Why has the Peace Corps sent me and others to Moldova, a small country in eastern Europe that many Americans have never heard of?
Well, do you see the girl in blue, wearing glasses? She recently won a national award for her writing. The girl near her with the white blouse and black skirt was honored for her exquisite paintings.
Between the two is Ekaterina Borodatii, who runs a small village library my group visited on Wednesday.
Ekaterina has worked for years with these girls and other young people in Bardar, where I’ve been living during my training. Together, they illustrate the tremendous promise of this former Soviet state, now the poorest country in Europe.
Ekaterina’s annual budget, not including her salary and costs such as heating, is … wait for it … $500.
As a result, her library can purchase just a few books a year. Its collection is mainly aging Russian books from the Soviet era. There are no funds for magazines or programs, much less to buy a nice armchair or two. Its only modern possessions are some computers connected to the Internet, donated by a group supported by the Gates Foundation.
Ekaterina works hard with what she has. So do the girls. But they could be doing so much more.
The same is true next door, at Bardar’s town hall, or primaria. A day earlier, we met with the mayor, Petru Plugaru, who described his wish list of expanding the village’s sewer system, installing street lights, building a new day care center and improving the severely rutted roads. His resources are microscopic by American or West European standards.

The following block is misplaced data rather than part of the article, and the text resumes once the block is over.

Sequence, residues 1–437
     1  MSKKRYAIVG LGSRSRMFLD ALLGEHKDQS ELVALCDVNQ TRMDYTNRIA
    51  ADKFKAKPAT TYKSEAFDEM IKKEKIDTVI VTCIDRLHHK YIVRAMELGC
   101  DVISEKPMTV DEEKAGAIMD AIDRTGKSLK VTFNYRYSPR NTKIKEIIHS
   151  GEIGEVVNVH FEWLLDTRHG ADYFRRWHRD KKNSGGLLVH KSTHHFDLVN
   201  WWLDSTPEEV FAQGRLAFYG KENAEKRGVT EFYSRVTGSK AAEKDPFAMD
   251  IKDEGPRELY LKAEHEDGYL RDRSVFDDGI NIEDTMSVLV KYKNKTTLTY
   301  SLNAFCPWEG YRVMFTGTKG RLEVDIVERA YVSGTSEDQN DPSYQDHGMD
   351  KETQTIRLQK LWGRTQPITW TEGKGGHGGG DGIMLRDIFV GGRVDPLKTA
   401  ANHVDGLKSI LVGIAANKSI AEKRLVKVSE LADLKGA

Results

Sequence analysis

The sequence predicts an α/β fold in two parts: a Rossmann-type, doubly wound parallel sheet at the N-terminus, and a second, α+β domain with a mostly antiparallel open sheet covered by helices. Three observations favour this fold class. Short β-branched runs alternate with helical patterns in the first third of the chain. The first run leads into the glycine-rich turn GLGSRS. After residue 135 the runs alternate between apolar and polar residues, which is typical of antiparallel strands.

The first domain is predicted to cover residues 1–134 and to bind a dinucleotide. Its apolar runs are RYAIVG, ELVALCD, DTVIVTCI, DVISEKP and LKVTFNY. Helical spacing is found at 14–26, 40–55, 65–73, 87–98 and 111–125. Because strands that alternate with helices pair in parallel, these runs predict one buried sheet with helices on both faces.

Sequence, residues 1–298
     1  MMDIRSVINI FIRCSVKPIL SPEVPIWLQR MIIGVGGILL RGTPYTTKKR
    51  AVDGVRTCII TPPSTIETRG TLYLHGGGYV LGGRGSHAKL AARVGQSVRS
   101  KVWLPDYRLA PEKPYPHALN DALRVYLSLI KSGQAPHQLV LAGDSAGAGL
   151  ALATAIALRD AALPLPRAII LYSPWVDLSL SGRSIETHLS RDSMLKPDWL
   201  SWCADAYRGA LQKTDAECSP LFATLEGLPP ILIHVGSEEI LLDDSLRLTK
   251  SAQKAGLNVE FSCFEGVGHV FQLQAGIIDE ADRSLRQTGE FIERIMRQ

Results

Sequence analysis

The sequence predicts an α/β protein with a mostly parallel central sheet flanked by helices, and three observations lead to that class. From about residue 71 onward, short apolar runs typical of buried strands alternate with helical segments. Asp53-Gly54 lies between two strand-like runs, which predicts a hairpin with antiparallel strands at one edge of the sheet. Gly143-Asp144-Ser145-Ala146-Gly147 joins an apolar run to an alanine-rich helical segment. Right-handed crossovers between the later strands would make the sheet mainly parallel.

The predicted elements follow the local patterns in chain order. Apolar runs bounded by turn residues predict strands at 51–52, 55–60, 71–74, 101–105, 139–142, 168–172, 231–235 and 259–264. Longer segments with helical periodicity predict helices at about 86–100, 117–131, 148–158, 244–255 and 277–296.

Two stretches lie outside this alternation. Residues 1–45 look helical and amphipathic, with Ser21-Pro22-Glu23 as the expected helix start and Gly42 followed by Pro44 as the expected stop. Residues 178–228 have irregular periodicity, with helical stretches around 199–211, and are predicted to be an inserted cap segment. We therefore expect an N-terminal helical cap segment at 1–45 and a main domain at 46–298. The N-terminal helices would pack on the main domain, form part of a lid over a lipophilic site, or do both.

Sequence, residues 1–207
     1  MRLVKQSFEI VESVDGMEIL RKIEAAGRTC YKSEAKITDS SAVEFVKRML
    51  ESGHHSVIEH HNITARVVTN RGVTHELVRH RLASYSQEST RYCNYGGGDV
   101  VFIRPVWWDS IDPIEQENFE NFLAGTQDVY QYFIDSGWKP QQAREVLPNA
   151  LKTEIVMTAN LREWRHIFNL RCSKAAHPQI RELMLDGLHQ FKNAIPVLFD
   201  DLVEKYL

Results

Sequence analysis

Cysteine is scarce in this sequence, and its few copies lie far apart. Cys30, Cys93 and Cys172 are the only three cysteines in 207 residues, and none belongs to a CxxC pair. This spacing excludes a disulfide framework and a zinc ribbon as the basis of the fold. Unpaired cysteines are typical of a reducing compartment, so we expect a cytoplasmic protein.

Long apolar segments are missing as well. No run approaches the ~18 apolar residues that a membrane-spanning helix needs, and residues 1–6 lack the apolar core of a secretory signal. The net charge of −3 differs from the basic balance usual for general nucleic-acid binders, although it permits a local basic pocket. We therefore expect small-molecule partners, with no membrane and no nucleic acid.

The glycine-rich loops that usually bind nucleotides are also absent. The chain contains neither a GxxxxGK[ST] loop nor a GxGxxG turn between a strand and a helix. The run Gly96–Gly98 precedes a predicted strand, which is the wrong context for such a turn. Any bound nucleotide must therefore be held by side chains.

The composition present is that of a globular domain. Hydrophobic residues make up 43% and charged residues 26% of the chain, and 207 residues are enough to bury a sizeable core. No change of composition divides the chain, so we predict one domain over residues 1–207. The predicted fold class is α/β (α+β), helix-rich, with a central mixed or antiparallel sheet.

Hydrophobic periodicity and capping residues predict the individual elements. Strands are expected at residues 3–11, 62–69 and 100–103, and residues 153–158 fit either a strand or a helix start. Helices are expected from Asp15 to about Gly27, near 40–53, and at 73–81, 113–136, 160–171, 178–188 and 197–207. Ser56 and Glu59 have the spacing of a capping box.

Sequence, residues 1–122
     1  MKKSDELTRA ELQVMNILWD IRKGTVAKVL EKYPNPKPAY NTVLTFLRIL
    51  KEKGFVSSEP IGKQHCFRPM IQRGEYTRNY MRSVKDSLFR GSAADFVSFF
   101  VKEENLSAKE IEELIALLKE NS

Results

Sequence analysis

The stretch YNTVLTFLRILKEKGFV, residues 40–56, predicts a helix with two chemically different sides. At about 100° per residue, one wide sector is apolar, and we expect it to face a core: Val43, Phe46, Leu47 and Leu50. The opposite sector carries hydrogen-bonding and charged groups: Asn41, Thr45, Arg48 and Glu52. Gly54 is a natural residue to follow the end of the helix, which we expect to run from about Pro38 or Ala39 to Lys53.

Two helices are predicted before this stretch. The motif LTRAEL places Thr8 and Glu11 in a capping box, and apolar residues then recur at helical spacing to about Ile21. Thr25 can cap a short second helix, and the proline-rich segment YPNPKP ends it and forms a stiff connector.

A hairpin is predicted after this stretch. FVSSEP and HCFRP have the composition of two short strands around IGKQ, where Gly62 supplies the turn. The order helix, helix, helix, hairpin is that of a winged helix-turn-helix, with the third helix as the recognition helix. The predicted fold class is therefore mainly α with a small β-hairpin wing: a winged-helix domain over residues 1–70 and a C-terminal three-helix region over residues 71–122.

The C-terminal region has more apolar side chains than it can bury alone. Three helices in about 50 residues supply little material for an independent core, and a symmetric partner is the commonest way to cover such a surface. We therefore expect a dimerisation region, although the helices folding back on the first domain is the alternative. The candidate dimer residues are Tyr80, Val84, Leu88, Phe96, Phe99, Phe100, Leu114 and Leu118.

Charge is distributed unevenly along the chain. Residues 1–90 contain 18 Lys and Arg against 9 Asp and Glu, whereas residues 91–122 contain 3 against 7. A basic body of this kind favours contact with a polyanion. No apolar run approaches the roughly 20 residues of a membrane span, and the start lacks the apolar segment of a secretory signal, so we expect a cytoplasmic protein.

Bardar is not unique in this beautiful country. Last week our group of “community and organizational development” trainees visited the library and town center at Dereneu, a village an hour away. The situation there was essentially the same: impressive people, huge challenges, no money.
Elena Oaserele, Dereneu’s mayor, welcomed us with a traditional Moldovan greeting of bread and salt. Then she and a colleague described their struggle to help the village grow and respond to community needs with nearly no resources. They were grateful to Kaya Koban, a Peace Corps volunteer posted to Dereneu who has been helping them identify and pursue possible grants and other external support.
After I finish my training, I’ll be working in the same program as Kaya, probably doing similar work and also pursuing secondary projects that may draw on my communications background. I’ll be living again with Champa, who will be teaching in a local school. In addition to its community development and elementary education programs, Peace Corps Moldova also has programs for health education and small business development.
I’m looking forward to the challenge. I was impressed by Ekaterina, Petru and Elena, and by the young people I met at the library. I’m hoping to find similar people wherever we’re sent, and am eager to work with them to tackle local problems.
Although I’ve been here for less than a month, it’s already obvious the challenges will be waiting.
2 thoughts on “Big Challenges, Little Money”
I bet engineering schools (know any?) would LOVE to issue their students the challenge of how to create the best roads possible with the materials on hand. You think? Loving these posts.
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Wow– a challenge for sure.